8 April is International Roma Day, a day on which to celebrate the Romani culture across the world and to raise awareness of the issues and problems that the Roma communities face. Europe’s largest ethnic minority - an estimated 10 million Roma live in Europe and six million within the EU - is often subject to discrimination and social exclusion.
An Equinet survey of its members in 2009 found that across the European Union, a high level of unequal treatment and exclusion of Roma and Traveller people exists. Roma and Travellers are deeply marginalised from social and economic life, which in many Member States is increased through stereotyping in the media and a negative culture within the police force. Particularly problematic areas in terms of discrimination are housing, accommodation, education and social services in the public sector and access to insurance, shops and a wide range of recreational and leisure services in the private sector.
At the same time the majority of equality bodies have found that underreporting of discrimination is widespread, with reasons for this phenomenon including low levels of awareness of rights within the Roma and Traveller communities, time limits on the presentation of cases and issues of trust between the communities and the authorities.
Following the survey, an ad hoc initiative on Roma and Travellers was established with the aim of providing support to specialised equality bodies maximizing the impact of their work on the situation of Roma people. The initiative involved the exchange of information and networking between specialised equality bodies working on Roma issues, identifying the nature and extent of this work. A further output was the publication “Making equality legislation work for Roma and Travellers”.
In 2016, the Working Group on Equality Law will discuss the work of equality bodies on discrimination on the basis of race and ethnicity and multiple discrimination where race and ethnicity intersect with other grounds such as gender, religion or belief. The discussions will cover discrimination in all fields of life. The Working Group will produce a paper on some of the key challenges identified, including a focus on work done to combat discrimination against Roma people.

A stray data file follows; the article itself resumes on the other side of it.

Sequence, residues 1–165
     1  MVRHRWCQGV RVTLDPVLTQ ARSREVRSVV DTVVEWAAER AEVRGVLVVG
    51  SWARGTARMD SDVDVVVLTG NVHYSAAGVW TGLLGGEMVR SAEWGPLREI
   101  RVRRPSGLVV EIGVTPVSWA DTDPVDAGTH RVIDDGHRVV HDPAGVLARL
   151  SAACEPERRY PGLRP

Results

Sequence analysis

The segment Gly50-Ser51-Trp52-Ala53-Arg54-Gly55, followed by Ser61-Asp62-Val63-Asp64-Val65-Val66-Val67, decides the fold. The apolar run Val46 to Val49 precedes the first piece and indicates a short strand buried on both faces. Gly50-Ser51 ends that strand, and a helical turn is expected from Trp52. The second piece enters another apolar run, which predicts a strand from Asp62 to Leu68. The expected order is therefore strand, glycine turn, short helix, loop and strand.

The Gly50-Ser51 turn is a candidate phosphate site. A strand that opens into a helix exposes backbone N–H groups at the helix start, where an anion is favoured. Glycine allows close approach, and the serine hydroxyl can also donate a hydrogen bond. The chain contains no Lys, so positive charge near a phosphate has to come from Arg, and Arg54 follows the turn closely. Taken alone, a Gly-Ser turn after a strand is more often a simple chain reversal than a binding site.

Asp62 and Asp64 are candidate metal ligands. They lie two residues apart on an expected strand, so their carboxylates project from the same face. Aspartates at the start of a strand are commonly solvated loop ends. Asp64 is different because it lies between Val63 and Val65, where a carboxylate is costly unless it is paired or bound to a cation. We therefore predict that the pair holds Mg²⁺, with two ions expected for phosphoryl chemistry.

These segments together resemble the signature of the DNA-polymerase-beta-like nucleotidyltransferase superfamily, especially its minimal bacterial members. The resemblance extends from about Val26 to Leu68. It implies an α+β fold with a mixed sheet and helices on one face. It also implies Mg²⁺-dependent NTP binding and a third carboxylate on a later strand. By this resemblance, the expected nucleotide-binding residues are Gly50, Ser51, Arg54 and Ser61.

This paper will feed into a 1 ½ day capacity-building seminar for staff members of equality bodies on discrimination on the basis of race and ethnicity, which Equinet aims to organise in November 2016. Among other topics the seminar will have sessions focusing specifically on legal work and on work done to combat discrimination against Roma people.
The establishment of the cooperation platforms is the result of the joint conference of the Council of Europe (CoE), the European Network of Equality Bodies (Equinet), the European Network of National Human Rights Institutions (ENNHRI) and the European Union Agency for Fundamental Rights (FRA), which took place in October 2013 in Vienna. The conference set the scene for closer cooperation among national bodies and between national and international bodies. It was agreed to establish platforms for collaboration on pressing topics such as asylum and migration, Roma integration, combating hate crime, and advancing social and economic rights and socio-economic equality.
The Operational Platform on Roma Equality (OPRE) will focus in particular on:
Furthermore, since January 2016, Equinet is a member of the Council of Europe’s Adhoc Committee of Experts on Roma Issues (CAHROM). Further information available here.
Antigypsyism is still the root-cause of the exclusion and marginalisation of Roma in Europe. The first step towards a new generation of more efficient policies and programmes that will make a real change in the situation of the Roma in Europe is to recognise antigypsyism as a specific form of racism in its various forms and to fight it at all levels of our societies.
On the occasion of the International Roma Day, a number of events will be organised under the umbrella of the "Roma Week" in Brussels. The main objective of the week is to consolidate the commitment of the European Parliament and other institutions to fight against antigypsysism and to formulate this commitment into action. It will be an occasion to pursue the work to establish 2nd August as the European Roma Holocaust Memorial Day in line with the European Parliament resolution of April 2015. The Roma week will promote positive images and narratives of Roma and their role in the European society at large and it will celebrate the contribution of Roma to the European history, arts and culture.
This year’s International Roma Day commemorates the 45th anniversary of the first World Romani World Congress that was organised on 8 April in 1971.